• Deploy new policies to the production environment once QA has signed off.

  • Export policy set and groups from dev/QA environment

  • Import to production

E.2 Discovery Process Overview

The high-level steps involved in security policy development are as follows:

  1. Determine what you are trying to accomplish (problem statement).

  2. Break the problem statement into:

    • Inputs: What data is available to evaluate?

    • Rules: What types of evaluations do I need to perform on the data?

    • Outcomes: What should happen based on the analysis?

  3. Translate the wording of the problem statement into a security policy by mapping the data, evaluations, and outcomes to an OAAM configuration.

  4. Configure entities, transactions, patterns, groups, policies, rules, actions and alerts based on the above preparation.

E.3 Example Scenario: Transaction Security

In this scenario, a Security Administrator must configure OAAM to notify the security team if there are more than 4 orders to a shipping address in a 24 hour period.

E.3.1 Problem Statement

Notify the security team to perform a manual review if there are more than 4 orders placed to any single shipping address in a 24 hour period regardless of the number of users.

E.3.2 Inputs Available

The following data is required to perform the stated evaluation described in the problem statement:

  • Date/time of each order

  • Shipping address for each order

  • Count of orders using each shipping address

E.3.3 Evaluation

It is recommended to form a logical statement to describe the risk evaluation required by your problem statement.

The logical statement for this scenario is:

"For a shipping address, if total # of orders > 4 in last 24 hours, then review order."

E.3.4 Outcomes

The outcome required by the problem statement in this case is to generate a single Fraud Alert for the security team.

E.3.5 Translation

In the translation step, the problem statement that was broken down is mapped to the OAAM security policy components.

Table E-4 Problem Statement Mapping

Problem Statement Breakdown Oracle Adaptive Access Manager Security Policy Components

Notify the security team to perform a manual review

An alert with specific messaging

Shipping address

An address entity

Orders

A custom checkpoint for this transaction is needed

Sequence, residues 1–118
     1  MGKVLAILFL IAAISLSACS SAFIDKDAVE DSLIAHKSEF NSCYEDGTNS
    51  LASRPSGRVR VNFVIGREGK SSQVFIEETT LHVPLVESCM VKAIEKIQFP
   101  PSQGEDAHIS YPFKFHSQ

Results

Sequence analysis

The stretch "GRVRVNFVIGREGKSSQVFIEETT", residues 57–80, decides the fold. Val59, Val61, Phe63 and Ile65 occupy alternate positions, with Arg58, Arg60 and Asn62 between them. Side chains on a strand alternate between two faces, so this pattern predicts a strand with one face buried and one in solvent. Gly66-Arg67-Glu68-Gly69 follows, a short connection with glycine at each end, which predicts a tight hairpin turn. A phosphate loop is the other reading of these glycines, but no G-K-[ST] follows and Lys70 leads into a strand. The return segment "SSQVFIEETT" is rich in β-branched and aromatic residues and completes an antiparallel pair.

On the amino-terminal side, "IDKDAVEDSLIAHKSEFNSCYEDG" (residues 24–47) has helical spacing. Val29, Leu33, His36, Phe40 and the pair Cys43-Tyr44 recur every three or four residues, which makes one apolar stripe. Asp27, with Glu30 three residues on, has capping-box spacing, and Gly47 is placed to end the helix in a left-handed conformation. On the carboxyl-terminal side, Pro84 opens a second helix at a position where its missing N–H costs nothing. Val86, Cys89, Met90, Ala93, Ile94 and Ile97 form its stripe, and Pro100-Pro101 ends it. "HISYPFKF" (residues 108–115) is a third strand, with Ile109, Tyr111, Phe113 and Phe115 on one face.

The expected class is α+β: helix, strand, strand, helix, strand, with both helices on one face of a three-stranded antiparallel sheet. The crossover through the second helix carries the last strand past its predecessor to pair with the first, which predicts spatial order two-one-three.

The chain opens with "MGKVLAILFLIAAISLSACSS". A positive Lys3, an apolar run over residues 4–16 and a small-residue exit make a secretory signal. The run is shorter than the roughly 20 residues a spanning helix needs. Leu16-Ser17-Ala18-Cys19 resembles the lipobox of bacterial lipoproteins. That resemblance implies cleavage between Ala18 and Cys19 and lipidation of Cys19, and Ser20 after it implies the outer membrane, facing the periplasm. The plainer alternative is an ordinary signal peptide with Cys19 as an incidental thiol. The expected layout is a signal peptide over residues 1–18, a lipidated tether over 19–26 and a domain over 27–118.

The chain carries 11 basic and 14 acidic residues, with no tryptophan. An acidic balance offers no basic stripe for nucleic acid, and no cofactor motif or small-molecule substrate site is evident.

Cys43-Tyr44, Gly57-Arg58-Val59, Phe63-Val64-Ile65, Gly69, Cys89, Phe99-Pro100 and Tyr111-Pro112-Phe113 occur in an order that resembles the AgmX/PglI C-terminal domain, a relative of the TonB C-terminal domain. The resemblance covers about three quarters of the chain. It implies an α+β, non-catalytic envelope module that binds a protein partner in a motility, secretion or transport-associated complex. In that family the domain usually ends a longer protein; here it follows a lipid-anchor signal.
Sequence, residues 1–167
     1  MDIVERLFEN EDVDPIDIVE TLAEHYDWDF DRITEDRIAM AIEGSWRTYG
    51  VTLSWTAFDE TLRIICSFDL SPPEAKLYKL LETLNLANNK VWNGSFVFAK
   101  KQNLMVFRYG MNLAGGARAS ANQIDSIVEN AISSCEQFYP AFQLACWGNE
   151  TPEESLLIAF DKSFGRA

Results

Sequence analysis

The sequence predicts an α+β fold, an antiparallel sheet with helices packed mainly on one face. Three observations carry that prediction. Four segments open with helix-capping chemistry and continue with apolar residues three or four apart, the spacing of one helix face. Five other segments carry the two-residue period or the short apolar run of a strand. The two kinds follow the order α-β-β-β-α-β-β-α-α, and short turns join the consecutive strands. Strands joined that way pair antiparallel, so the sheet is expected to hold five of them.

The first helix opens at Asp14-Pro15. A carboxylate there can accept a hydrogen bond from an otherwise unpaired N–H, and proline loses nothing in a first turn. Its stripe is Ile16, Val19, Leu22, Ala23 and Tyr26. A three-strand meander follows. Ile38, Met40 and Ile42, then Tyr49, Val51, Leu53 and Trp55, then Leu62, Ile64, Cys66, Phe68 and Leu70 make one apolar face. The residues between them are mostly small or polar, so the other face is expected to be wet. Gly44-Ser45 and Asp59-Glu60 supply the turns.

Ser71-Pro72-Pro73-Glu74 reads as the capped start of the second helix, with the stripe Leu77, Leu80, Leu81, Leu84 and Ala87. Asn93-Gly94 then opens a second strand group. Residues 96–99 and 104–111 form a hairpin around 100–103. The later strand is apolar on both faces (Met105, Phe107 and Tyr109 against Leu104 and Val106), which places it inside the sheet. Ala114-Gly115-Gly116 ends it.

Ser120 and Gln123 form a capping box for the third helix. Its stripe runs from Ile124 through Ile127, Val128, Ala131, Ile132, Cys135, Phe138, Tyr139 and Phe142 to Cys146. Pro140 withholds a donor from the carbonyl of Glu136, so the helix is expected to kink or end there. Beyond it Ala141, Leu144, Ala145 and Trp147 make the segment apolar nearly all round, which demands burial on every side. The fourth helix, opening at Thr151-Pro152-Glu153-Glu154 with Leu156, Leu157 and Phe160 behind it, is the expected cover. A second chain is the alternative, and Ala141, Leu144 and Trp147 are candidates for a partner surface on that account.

A policy scoped to the "order" checkpoint will contain any rules needed.

If there are more than 4 orders placed to any single shipping address in a 24 hour period

A rule configured using a generic transaction rule condition


E.3.6 Alert

The best practice is for every evaluation to have a separate alert message.

E.4 Example Scenario: Login Security

In this scenario, a Security Administrator wants users that login from a state they have used less than 5% of the time in the last month to answer a KBA challenge question before being allowed into the protected application.

E.4.1 Problem Statement

Profile users' login behaviors including the geographic locations they login from. Use their unique profile to determine how risky a login attempt is and challenge with a KBA question when required based on risk level. If the login is from a state the user have come from less than 5% of the time in the last month them with a KBA challenge before allowing them into the protected application.

E.4.2 Inputs Available

The following data is required to perform the stated evaluation described in the problem statement:

  • User

  • Time period

  • Geographic location

  • Percentage for total logins used for the comparison

  • Registration status

E.4.3 Evaluation

It is recommended to form a logical statement to describe the risk evaluation required by your problem statement.

The logical statement for this scenario is:

"For a user (logging in from state(s)), if % of logins < 5% of all his logins from this state in last month, then challenge user."

E.4.4 Outcome

The outcome required by the problem statement in this case is to challenge the user with a KBA question if the percentage of logins to a state is less than 5% of his total log ins to states in the last month.

E.4.5 Translation

In the translation step, the problem statement that was broken down is mapped to the OAAM security policy components.

Table E-5 Problem Statement Mapping

Problem Statement Breakdown Oracle Adaptive Access Manager Security Policy Components

if logins from a state

Pattern to track the user's logins from different states.

Multi-bucket pattern with user as actor and state as attribute and for each as the compare operator.

challenge user

An action group to KBA Challenge

with a KBA question

Is registered is an attributes and equals as the compare operator and yes as the compare value.

He has to have questions registered before the system can challenge him with a KBA question

percentage for state vs. percentage of total

Condition: "Entity: Entity is Member of Pattern Less Than Some Percent Time"

5%

Percentage basis specified in rule

last 1 month

Time period specified in rule

before allow to proceed to protected resource

Post-Authentication checkpoint policy

In best practices, KBA challenges occur in the Post-Authentication checkpoint.


E.4.6 Action

KBA challenge users logging in from a state that they do not log in from, specifically one that they use less than 5% of their total logins to states in a month